Bradley Manning

Last week, in a point-form article of pellucid clarity on the current situation, your correspondent noted that the week of the Boston marathon bombing was in its own quiet way as significant as 9/11 in the way our world was changing and evolving.

Well, this week is giving that week a run for its money, and that may start to happen quite a lot in the period to come. Globally, in terms of states, corporations, information and citizens, the fundamental relations are changing very rapidly in sequences that go off like a bandolier of firecrackers.

Three days ago, we saw the opening of the Bradley Manning trial in the US and the almost indecent haste with which the prosecution whizzed past the charges against the young former intelligence operative to the real meat — an attempt to link him to WikiLeaks leader Julian Assange. That Manning did leak material to WikiLeaks is now a matter of public record, after Manning made a guilty plea to some of the lesser charges against him. But WikiLeaks preserved the anonymity of contact via a secure chat room. The prosecution alleges that Manning had obtained Assange’s phone number in Iceland when he and WikiLeaks were preparing the “collateral murder” video, and that there was communication back and forth between the WikiLeaks chat room and Manning, with requests and instructions for specific documents to be fished out of the Secret Internet Protocol Router Network archives, to which Manning had access.

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WikiLeaks and Assange have denied the accusations, saying they simply acted as a drop box. The evidence itself has not yet been presented — the trial is expected to last 12 weeks — but is expected to rely on a cross-referencing between the testimony of hacker-informant Adrian Lamo, recovered chat room logs, and a “Jabber” account that the prosecution claims Assange was at one end of.

The dual objective of the prosecution will be to convict Manning on an “aiding the enemy” charge — which carries a life-without-parole sentence — and to amass sufficient evidence to charge Julian Assange under the Espionage Act. There will be considerable latitude in this, since both laws are so broad in their application as to be at the discretion of whichever judge is petitioned to issue an indictment. Technically, the Espionage Act under which they hope to charge Assange applies far beyond the person accused of actually taking confidential information from government files. It can apply to anyone handling the information as well.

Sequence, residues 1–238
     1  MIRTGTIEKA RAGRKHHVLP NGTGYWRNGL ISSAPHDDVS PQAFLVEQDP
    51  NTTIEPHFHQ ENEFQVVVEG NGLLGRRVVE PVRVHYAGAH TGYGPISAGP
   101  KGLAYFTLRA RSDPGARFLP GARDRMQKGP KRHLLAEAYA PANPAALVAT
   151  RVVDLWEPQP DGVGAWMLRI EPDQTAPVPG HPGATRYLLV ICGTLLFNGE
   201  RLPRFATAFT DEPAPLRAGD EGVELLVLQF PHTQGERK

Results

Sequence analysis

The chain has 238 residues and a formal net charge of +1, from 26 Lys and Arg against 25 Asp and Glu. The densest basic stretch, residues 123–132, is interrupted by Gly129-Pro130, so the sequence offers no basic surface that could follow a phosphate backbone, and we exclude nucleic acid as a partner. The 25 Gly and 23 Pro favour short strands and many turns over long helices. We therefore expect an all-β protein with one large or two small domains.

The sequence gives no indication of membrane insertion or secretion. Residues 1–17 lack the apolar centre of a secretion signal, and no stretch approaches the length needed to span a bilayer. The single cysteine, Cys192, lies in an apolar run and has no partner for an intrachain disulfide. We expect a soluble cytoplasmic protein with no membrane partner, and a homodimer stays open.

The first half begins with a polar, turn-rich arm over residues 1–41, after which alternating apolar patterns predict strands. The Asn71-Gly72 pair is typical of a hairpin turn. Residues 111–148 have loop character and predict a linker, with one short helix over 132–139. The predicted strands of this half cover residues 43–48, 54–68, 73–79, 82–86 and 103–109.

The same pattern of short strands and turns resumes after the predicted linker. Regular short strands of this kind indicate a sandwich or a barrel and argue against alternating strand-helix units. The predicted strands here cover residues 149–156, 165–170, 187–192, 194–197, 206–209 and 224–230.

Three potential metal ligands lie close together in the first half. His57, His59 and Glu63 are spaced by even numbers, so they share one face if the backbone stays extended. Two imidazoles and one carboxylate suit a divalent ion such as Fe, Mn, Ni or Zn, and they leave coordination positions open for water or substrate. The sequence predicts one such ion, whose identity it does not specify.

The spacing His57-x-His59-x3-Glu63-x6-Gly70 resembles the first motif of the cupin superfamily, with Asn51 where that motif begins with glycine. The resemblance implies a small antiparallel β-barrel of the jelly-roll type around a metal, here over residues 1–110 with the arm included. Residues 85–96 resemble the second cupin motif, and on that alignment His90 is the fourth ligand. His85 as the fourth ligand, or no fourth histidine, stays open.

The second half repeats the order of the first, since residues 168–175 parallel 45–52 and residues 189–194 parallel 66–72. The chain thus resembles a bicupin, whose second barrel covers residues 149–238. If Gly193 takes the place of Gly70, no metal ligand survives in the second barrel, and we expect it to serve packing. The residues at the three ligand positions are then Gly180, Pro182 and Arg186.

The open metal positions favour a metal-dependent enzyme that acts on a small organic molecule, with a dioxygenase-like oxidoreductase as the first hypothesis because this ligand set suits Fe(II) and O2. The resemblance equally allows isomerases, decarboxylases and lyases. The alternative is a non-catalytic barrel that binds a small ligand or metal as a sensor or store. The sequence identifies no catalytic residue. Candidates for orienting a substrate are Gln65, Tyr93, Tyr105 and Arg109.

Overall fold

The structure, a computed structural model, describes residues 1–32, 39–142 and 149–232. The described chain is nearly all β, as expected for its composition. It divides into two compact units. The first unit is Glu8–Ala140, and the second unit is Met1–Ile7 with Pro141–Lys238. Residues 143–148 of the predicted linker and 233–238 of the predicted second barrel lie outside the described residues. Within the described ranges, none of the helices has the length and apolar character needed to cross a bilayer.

There’s no technical limit to the law. It doesn’t have to take place on US soil, and a non-US citizen can be charged. In the past, they rarely have been, and the application of the law has been limited to the first-order “spy”. But those days are long gone. As I noted last week, the total and global nature of new networks, technologies, etc, is replied to with a total state response as a way of shoring up its power. In that respect, it is more than likely that the US government would seek to charge Assange and others associated with him. It could if it wanted, under the act, charge the editors of The New York Times, Guardian, etc, but that won’t happen. They’ll make a distinction between the in-laws of power, and the outlaws.

The trial has coincided with dual revelations about the surveillance state: that US comms giant Verizon has given up all its traffic data — who called whom, when, for how long, etc — for the last seven years, and that a group called PRISM has been operating, under which all the major internet corporations co-operate with the NSA in voluntarily providing customer data. All the content of your emails, messaging, searches, etc, can be deep-searched by wordbots, picbots, face-recognition bots, and eventually safely downloaded to the NSA’s new centre in Bluffdale, Utah, with sufficient storage for 100 years’ worth of data communication. Quelle surprise.

There appeared to be some consternation over this, a reminder that most people haven’t thought twice about using comms devices provided by megacorporations with their own agendas and power relations. That now seems to have sunk in, and we can mark this week off as the end of the age of innocence about the web. The web’s appearance is that of fragmentation, but its deep structure is centralisation of a higher order than hitherto conceived. Where once it was possible to maintain an independence, clandestine or otherwise, by means of running a printing press, heading for the Yunnan mountains, or melting away into the anonymous city, covering jungle for the urban guerrilla, today opting out of the cutting-edge level of comms technology puts you at a crucial disadvantage, not parity. Though the state is disadvantaged, too — its nuclear response, to shut down the internet at a territorial level, would be disastrous for its own global functioning — its everyday ability to track, survey and apprehend is vastly extended by compliant corporations. “Total” is not too hyperbolic a word to apply to the situation. Total and the adjectives arising from it.

The trial of Bradley Manning has weeks and months left to run. It is difficult to see him getting off on a technicality, a brilliant, unconventional lawyer, or Jack Nicholson yelling “I ordered the code red!”. The only real question is whether he will avoid the whole life tariff. And what comes after — for him, for Assange, for all of us.